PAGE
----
Despite a campaign promise to raise taxes on higher income households, the Biden Administration has so far not been successful in doing so. The latest efforts on this are contained in the Administration’s 2023 Budget Proposal and they would, if enacted, have a significant impact on high-net-worth Americans. While these proposals are not likely to make it through a divided Congress, we are keeping a close watch per usual to assess the potential impact on our clients and whether we have strategies in place that would help to offset these increases. Here is a quick summary of what is being proposed:
- Limit the step‐up in basis at death, which currently wipes out decedents’ unrealized gains and allows heirs to sell assets tax-free. The change would apply to unrealized gains over $5 million for single filers ($10 million married), making death an income taxable event.
- Increase top marginal tax rate to 39.6%. For those with adjusted gross income over $450,000 married filing jointly ($400,000 single), the top rate would rise from 37% currently. This would repeal the rate cut included in the 2017 Tax Cuts and Jobs Act, which mostly benefited higher-income Americans.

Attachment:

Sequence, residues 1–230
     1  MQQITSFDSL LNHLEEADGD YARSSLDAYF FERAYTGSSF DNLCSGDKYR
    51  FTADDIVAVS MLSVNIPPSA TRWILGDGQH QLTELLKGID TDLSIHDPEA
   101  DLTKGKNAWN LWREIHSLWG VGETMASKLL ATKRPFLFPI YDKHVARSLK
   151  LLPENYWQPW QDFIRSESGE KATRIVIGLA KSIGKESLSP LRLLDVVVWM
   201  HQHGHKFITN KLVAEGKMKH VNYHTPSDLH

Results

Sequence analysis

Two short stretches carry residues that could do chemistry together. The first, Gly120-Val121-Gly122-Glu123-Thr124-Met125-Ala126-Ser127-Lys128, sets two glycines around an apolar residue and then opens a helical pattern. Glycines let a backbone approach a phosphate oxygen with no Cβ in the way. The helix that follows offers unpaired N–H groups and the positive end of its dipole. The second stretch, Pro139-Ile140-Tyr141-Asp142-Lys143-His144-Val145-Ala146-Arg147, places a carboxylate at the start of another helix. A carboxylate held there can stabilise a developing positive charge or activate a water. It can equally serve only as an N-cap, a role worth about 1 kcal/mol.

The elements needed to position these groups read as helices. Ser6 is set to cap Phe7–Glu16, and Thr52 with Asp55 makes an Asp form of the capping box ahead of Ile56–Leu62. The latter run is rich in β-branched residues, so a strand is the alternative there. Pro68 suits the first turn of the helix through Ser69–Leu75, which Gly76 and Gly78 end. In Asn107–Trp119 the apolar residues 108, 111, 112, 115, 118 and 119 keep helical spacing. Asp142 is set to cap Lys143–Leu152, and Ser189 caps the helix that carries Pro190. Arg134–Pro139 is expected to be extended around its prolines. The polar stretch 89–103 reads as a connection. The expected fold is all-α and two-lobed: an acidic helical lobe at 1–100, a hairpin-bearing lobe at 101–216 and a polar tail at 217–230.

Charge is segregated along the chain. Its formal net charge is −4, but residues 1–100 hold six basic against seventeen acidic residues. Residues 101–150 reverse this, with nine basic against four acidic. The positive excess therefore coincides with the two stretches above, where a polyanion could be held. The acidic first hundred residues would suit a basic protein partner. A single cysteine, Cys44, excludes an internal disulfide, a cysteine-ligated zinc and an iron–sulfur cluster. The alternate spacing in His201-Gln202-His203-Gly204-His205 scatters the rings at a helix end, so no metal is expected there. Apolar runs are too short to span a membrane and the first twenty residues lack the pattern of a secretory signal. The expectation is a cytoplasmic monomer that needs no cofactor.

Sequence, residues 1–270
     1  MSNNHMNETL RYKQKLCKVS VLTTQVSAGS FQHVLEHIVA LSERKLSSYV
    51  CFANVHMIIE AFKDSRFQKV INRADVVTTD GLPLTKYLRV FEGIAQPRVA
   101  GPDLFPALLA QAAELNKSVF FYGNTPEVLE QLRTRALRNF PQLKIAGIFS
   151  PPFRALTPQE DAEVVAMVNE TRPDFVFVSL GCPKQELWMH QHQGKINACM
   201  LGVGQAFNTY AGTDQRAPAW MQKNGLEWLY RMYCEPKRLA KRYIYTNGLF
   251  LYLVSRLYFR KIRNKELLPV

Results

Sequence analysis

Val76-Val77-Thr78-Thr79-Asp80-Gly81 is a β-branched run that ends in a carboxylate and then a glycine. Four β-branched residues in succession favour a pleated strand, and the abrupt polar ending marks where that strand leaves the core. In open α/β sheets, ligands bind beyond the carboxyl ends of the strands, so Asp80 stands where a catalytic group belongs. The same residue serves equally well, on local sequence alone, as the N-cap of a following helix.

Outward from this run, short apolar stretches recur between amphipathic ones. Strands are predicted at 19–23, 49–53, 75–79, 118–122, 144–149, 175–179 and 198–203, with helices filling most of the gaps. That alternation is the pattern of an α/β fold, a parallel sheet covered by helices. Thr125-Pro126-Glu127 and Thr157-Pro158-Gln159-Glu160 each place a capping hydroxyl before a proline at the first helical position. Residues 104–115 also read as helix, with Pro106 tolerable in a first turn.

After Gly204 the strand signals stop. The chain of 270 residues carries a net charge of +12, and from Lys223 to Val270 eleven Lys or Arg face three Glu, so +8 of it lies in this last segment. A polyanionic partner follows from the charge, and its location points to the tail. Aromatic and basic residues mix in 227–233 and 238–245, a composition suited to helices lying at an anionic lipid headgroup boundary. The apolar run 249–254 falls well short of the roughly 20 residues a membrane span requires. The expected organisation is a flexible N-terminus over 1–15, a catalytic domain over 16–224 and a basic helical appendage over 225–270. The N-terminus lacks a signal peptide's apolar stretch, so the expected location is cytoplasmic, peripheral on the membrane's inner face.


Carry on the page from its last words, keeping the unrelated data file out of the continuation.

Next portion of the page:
- Increase the tax rate on long-term capital gains and qualified dividends to 39.6%. For filers with taxable income over $1 million, capital gains would be taxed at the new top marginal rate of 39.6% vs. 20% currently.
- Increase Net Investment Income Tax (NIIT) to 5%. The NIIT would apply to more types of income, and for income over $450,000 for married filing jointly ($400,000 single), the NIIT rate would rise to 5% from 3.8% currently. The NIIT would also apply to non-passive income from pass-through entities (Sole Proprietorships, Limited Partnerships, LLCs, S Corps).
- Reduce the tax-deferral benefit of like-kind exchange (Section 1031) to a maximum of $500,000.
- Tax “carried interest” as ordinary income instead of capital gains. This applies to the incentive-based pay certain investment managers collect that is linked to the profitability of their investments.
- Impose new 25% minimum tax on wealth exceeding $100 million. Wealth would include unrealized capital gains. Defining wealth and unrealized gains presents numerous practical challenges, and this is a major reason this type of tax has not ever been implemented in the US.
Even if the above proposals go nowhere, taxes on higher-income Americans are due to rise at the end of 2025. That is when certain provisions of the 2017 Tax Cuts & Jobs Act expire if not renewed by Congress. Included in this is the top tax rate going back to 39.6% and the federal estate tax exclusion, currently at close to $13 million per person, being reduced essentially by half.